For children who are themselves in trouble with the law, juvenile court officers work closely with our judges to assist children and their families to transform behaviors and attitudes before it’s too late. Your court system helps mend the lives of thousands of young Iowans, helping them become good and productive citizens who will positively contribute to our society. Sadly, however, we are far from reaching all of our children and families in need. Sometimes even in the most fundamental ways.
I have visited with juvenile judges and juvenile court officers and learned firsthand that the most important and proven part of their job is to have an early face-to-face conversation with troubled youth. One conversation, between a child and a devoted and trained juvenile court officer asking the right questions, can often identify the underlying problems and help match the needs of the child with the services available in the community. With enough support, the juvenile court officer can then monitor the child’s progress through treatment or therapy. We do not have enough juvenile court officers, however, to reach all of our children in need, and too often our first contact with a child is through a letter. That is just wrong. Every child deserves a face-to-face meeting with an assigned juvenile court officer. An impersonal letter from a stranger just does not cut it. We know that with early, personal intervention, more troubled children are saved from a life of crime and lifted out of a world of heartache. With your help this can be done. If we are going to accomplish any lasting good in our lives, we must begin by bringing lasting good to the lives of our children in need.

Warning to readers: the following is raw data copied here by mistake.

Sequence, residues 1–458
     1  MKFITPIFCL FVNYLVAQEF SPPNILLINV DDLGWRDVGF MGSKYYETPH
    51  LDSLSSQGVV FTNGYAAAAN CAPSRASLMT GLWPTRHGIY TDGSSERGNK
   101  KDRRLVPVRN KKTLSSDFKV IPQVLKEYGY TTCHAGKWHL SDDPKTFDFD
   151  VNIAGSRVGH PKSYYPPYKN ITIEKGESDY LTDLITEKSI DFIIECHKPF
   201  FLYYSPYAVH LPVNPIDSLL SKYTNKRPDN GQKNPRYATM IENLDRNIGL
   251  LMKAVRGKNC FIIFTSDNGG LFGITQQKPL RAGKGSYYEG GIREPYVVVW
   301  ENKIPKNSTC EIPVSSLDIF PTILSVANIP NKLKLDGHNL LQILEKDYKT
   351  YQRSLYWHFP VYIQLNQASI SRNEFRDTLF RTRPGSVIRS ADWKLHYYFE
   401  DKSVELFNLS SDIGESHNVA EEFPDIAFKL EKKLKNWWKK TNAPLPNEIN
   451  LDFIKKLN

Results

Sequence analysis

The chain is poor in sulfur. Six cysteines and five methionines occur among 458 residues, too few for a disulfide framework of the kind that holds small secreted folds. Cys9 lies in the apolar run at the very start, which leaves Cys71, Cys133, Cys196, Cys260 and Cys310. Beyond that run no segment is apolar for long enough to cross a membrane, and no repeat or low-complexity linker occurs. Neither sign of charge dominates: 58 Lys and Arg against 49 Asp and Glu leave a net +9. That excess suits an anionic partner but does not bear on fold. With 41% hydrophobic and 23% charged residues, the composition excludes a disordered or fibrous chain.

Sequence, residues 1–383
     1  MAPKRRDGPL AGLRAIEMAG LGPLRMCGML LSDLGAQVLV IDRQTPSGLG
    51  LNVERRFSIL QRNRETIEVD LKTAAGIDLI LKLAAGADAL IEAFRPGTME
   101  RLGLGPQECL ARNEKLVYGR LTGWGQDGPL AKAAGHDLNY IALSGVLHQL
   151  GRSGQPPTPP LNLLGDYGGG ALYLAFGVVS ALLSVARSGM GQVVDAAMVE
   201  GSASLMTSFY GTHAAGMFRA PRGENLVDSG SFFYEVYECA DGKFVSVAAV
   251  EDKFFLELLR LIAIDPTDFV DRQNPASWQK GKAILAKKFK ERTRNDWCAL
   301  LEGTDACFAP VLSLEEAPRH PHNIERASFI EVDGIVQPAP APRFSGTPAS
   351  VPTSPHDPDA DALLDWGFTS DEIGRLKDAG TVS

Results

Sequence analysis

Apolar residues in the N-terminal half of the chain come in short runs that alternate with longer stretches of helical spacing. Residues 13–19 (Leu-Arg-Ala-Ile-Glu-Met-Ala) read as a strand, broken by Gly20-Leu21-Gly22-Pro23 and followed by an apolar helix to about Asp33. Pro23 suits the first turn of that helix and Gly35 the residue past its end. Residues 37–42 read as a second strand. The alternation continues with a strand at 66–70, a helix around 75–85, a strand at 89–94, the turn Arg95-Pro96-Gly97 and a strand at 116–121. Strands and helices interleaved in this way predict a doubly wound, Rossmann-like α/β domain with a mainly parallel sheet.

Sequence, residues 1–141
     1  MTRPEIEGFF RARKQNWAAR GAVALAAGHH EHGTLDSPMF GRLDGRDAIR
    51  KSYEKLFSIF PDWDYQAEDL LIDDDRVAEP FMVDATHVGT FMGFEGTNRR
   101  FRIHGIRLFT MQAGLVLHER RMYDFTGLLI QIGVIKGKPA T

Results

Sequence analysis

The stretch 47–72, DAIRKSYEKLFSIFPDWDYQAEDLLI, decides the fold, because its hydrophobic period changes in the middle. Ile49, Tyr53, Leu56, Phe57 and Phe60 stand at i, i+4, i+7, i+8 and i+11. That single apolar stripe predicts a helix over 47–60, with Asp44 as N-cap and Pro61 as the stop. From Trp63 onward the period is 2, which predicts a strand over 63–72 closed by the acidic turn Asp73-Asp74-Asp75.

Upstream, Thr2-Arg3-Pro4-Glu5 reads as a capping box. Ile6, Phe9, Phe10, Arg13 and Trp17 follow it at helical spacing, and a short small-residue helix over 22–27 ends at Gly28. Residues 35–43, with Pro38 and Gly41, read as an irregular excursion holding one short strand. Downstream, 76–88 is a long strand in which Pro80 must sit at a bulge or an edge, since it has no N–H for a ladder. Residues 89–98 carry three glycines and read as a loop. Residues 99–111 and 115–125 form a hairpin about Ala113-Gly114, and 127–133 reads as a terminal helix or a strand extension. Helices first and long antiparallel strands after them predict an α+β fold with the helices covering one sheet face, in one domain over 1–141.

II. Provide Full-Time Access to Justice
Iowans expect and deserve to have full-time access to justice. Whether it’s children in need, or you, your business, or your friends and neighbors who must at some time count on access to court services, it is clear that Iowans expect their government to operate a full-time, full-service, and efficient court system. Currently, all clerk of court offices in Iowa are closed every Tuesday and Thursday afternoon. Closures deny access to Iowans, including those seeking commitment of loved ones for mental illness and substance abuse and people seeking protection from domestic violence. We have all heard stories about domestic violence victims having to wait for an order of protection because the clerk of court offices are closed. We also know more families in need of mental health services are turning to the courts every year. The number of adult mental health commitment petitions has grown 45 percent in the last decade, while the number of juvenile commitment petitions has grown 93 percent during the same time. When a mental health crisis strikes a family, our courts must be accessible. In addition, closures slow down the processing of child support checks, liens, garnishments, warrants, and other important matters. These closures should end. Iowans deserve and expect all clerk of court offices to be open every day during business hours.
III. Operate an Efficient, Full-Service Court System
The Iowa Judicial Branch does continuously work to improve access to the courts and make operations more efficient. We have made tremendous progress in these efforts in recent years, including, as you are aware, with EDMS—our electronic document management system. With EDMS, we are creating and implementing an efficient paperless court system. This project is on track to be nearly half done by the end of this year. We still have much work to do, and there are many expert and dedicated judicial branch employees making it happen, but it already has become a national model for other states to follow.